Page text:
Review - Doctor Who: The 11th Doctor # 12

Doctor Who: The 11th Doctor # 12
"Conversion" Part 1 (of 2)
Written by: Rob Williams
Art by: Warren Pleece
Colours by: Hi-Fi

Returning to scripting duties for the penultimate episode of ‘Year One’, Rob Williams focuses on the search for the entity creature which is afraid and on the run, using limited time travel ability picked up from its time in the TARDIS to hide from both the Doctor and the Talent Scout. Also returning is Warren Pleece, who drew the two-parter storyline across Issues 7 and 8. Ahead of the issue's release, Titan Comics teased a surprise reveal on the final page, and they certainly made good on their promise with the appearance of an old enemy.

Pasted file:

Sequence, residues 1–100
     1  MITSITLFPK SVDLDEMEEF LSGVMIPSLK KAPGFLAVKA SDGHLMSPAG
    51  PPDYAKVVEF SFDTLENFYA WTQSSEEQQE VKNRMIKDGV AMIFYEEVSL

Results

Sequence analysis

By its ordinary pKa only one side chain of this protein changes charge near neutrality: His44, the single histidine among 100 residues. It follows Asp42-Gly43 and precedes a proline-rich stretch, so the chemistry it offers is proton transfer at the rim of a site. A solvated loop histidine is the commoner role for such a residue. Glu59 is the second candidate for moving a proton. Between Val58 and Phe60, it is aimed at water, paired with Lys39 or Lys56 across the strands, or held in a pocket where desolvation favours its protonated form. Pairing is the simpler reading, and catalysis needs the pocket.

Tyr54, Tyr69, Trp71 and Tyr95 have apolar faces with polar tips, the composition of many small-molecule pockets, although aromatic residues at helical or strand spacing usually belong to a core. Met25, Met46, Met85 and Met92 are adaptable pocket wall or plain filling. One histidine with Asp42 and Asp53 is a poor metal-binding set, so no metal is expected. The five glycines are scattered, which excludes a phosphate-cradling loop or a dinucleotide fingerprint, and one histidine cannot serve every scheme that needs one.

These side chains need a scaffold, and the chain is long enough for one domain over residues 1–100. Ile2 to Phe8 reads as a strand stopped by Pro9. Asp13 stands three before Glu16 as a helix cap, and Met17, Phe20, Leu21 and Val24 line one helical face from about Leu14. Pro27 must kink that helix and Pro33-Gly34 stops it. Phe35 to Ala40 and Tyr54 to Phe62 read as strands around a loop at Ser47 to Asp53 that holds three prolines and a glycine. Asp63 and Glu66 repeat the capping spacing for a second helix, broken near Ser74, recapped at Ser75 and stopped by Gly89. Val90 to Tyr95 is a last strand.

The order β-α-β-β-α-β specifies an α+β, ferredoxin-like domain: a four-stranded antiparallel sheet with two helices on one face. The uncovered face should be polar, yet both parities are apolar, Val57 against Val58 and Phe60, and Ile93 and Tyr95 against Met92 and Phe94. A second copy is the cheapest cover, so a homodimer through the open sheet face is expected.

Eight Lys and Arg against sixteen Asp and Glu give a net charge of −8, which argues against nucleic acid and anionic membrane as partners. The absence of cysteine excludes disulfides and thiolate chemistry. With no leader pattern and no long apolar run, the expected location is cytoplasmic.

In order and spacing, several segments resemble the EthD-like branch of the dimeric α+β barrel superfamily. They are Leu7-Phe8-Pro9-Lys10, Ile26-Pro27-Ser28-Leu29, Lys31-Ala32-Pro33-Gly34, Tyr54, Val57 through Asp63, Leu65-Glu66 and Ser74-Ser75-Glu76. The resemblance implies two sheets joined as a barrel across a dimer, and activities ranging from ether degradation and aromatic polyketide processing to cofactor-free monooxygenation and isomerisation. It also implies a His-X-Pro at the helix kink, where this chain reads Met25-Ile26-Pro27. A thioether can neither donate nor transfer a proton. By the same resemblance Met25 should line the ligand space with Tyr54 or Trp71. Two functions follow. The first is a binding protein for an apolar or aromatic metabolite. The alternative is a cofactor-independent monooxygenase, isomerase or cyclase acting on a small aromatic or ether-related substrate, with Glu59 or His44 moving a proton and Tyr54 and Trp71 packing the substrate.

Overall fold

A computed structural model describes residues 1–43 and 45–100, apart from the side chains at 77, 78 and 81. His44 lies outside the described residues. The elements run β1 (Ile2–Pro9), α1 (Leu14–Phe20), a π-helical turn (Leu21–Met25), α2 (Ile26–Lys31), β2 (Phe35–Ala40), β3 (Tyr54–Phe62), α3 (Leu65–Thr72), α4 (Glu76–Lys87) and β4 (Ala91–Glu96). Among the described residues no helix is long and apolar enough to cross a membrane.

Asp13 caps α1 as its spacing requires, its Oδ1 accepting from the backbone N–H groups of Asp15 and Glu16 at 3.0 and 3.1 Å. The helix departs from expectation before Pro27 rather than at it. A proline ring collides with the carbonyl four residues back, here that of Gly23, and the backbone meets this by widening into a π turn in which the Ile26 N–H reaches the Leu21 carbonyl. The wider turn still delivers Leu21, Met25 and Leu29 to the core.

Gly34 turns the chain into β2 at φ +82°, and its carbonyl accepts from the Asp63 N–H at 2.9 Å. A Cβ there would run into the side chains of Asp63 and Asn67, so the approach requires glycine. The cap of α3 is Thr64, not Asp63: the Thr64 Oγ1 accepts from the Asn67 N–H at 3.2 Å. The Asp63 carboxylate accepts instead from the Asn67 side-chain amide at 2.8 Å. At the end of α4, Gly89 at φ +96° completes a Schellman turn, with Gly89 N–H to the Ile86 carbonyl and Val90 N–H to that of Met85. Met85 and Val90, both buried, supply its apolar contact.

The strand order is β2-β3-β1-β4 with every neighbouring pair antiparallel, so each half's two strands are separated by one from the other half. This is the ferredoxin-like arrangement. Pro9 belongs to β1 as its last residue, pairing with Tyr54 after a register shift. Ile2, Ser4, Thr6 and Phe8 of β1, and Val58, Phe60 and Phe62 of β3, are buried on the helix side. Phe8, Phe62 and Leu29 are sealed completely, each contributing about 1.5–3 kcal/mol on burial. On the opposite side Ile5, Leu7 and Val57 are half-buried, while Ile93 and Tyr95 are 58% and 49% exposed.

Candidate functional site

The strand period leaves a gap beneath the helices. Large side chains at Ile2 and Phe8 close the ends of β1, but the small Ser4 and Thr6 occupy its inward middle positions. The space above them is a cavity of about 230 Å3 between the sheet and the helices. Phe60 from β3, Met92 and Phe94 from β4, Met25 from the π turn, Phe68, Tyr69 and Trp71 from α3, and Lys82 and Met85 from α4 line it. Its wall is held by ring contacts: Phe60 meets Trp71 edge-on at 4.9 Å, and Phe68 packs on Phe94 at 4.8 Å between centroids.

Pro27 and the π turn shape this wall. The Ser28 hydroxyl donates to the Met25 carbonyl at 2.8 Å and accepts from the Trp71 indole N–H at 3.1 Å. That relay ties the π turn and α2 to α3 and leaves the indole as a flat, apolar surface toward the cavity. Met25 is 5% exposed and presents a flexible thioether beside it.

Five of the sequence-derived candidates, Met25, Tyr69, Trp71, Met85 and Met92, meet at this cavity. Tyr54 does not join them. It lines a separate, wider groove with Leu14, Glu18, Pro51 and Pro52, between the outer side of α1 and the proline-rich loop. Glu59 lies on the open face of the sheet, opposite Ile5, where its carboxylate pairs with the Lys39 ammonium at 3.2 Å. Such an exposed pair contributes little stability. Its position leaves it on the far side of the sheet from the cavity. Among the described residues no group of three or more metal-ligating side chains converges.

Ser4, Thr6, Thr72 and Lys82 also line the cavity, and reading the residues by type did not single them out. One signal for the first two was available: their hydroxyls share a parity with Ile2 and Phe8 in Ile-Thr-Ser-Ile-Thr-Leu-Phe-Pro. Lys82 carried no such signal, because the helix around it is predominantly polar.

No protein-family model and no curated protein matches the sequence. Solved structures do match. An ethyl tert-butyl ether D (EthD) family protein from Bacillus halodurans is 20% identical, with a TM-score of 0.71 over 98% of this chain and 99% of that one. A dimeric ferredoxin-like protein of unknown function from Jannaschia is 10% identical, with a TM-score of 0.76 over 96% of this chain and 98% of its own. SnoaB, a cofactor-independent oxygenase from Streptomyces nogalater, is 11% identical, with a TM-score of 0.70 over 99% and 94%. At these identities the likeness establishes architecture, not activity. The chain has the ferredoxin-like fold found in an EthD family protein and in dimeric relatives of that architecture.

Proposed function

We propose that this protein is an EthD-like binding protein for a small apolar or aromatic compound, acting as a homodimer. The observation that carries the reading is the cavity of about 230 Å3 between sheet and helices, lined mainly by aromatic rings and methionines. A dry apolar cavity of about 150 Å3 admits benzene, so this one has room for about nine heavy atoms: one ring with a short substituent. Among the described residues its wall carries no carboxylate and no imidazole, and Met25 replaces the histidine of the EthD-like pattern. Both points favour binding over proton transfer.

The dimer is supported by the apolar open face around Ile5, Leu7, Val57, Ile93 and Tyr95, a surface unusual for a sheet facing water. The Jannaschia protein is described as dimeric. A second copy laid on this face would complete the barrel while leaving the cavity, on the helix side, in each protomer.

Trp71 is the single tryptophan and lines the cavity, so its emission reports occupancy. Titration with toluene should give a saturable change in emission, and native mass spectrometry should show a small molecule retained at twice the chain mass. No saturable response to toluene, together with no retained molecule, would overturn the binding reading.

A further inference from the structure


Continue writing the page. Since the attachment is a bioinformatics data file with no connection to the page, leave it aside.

Much like Steven Moffat’s epic season finales, this story spans a diverse range of geographical and chronological locations, starting with the Berlin Wall in the mid-1970s towards Ancient Rome. I really enjoy this “big budget” approach to travelling through time and space, rather than remaining fixed on one specific time and place throughout a story. It works well in the televised stories and given the limitless possibilities of the comic book page, I'm happy to see it being utilised here too. Considering that this whole series of comics is set shortly after the events of Season 5, the historical setting of Ancient Rome naturally draws parallels with “The Pandorica Opens”, something the creators are keenly aware of, given that the cover for the next issue features the Doctor dressed in Roman clothing with the speech bubble, “Eat your heart out, Rory Williams”.